If endurance is your brief, then Nagisa Ni te make for one of modern underground music’s strongest examples. Extant since the early 1990s, they’re an endlessly patient duo (Shinji Shibayama and partner/muse Masako Takeda) who’ve toiled away at their chosen art – folk-rock, sleepily played, moseying in a donkey’s trot – with little attention to the fashion of the time. For a group like Nagisa Ni te, broader cultural resonance is happenstance, and thus their appeal is that of snooping around a hermeticist’s keyhole. With songs that unstintingly address affairs du cœur (namely, that of Shibayama and Takeda), Nagisa Ni te’s music manages to both sound open and generous – due to the playing and singing – and somehow introverted, as though intimate listening is close to breach of privacy.
Yosuga’s not going to surprise any long-term fans. From the first few bars of “Premonition,” you can pretty much tell how the record’s going to play out, which is both blessing and curse. If you’re inclined to ask for more stylistic variation from your songwriters, Shibayama and Takeda aren’t going to yield to your wishes, and Yosuga’s sole negative is an occasional tendency toward the leaden or repetitive. This, of course, depends on your level of dedication, too: after about the fourth listen, Yosuga somehow flips its script, its obsessions with relationships, the natural world, day and night, and dreamwork threading together as a loosely-defined narrative arc. The songs consequently lock into place as parts of that ‘story,’ with their measured, steady pace (and some of the more rudimentary playing) gesturing toward the simplicity of Nagisa Ni te’s lyrical address.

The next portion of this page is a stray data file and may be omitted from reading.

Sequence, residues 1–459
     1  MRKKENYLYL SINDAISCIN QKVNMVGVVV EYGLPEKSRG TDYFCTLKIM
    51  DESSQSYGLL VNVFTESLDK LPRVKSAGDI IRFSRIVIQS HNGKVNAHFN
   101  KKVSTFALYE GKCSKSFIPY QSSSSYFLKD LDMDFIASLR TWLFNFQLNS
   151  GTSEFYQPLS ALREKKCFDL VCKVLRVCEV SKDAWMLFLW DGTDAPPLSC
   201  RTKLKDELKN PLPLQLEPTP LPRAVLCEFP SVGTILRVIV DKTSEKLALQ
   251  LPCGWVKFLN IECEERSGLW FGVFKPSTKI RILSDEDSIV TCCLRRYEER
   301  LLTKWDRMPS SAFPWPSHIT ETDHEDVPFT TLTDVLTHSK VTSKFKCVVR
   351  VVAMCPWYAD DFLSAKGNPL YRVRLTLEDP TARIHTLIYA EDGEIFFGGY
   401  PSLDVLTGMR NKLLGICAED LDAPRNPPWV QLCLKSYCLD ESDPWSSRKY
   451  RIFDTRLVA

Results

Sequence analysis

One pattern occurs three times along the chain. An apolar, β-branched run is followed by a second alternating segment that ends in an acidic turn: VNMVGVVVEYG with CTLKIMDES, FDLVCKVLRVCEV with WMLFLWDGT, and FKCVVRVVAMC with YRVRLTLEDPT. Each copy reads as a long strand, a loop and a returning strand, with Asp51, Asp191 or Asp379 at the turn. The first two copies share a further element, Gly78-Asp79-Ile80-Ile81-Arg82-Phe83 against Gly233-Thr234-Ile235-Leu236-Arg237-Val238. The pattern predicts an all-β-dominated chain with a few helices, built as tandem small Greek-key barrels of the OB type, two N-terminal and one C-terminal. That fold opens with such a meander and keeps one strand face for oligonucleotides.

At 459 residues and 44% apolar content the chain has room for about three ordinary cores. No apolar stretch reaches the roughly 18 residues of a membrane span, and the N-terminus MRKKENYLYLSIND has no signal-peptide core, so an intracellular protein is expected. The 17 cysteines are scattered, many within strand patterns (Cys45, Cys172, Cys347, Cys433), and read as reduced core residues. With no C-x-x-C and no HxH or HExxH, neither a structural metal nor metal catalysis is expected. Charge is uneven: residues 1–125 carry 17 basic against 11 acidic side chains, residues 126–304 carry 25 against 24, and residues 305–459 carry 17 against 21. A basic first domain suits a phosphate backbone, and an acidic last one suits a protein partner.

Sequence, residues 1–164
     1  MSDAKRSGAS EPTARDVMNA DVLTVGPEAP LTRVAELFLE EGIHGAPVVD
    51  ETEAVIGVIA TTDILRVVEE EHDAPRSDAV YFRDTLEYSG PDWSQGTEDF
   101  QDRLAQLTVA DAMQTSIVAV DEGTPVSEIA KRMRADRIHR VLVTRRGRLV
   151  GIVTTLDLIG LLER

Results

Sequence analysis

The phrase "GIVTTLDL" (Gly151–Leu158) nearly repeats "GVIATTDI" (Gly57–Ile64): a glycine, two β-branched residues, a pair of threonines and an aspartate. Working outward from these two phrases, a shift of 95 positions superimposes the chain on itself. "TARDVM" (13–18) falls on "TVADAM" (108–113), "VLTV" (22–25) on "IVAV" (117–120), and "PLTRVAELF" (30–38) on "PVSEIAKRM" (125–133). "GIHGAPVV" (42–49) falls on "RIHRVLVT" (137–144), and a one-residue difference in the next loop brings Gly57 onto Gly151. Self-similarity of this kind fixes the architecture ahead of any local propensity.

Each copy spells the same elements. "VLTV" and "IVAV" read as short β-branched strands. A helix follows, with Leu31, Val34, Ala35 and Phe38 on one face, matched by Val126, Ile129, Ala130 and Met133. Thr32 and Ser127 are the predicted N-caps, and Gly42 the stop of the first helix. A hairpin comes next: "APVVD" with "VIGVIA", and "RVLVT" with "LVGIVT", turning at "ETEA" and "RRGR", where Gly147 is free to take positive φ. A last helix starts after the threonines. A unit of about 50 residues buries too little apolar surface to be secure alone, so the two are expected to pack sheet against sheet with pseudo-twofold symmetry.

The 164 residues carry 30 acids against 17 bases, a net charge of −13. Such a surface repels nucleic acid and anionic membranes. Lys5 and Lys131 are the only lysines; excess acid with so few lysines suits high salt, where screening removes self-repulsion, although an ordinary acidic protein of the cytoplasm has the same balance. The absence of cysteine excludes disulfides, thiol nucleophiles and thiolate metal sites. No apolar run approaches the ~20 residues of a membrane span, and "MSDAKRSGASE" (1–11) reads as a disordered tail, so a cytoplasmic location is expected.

If anything distinguishes Yosuga, it’s the further blossoming of Takeda as presence within the group. Two of her lead vocal turns make for the album’s most surprising and mysterious moments: the weightless drift of “Ishi River,” and “Close By Night”’s gentle chill, where Masayuki Yoshida’s Hammond organ slowly gives way to trebly, drilling cymbals that eventually white-out the canvas. There’s also a tribute (I’m guessing) to the duo’s dog Kumao, a beautiful acoustic piece with a melody that’s surprisingly reminiscent of Ronnie Lane’s “Flags and Banners.”
All of these songs point in different directions at once. There is an abstract, indistinct quality that reminds slightly of Arthur Russell’s dazed folkiness, or John Martyn’s mid-’70s liquid pastoral, which suggests, should they wish to, Nagisa Ni Te could take off to other planes of there.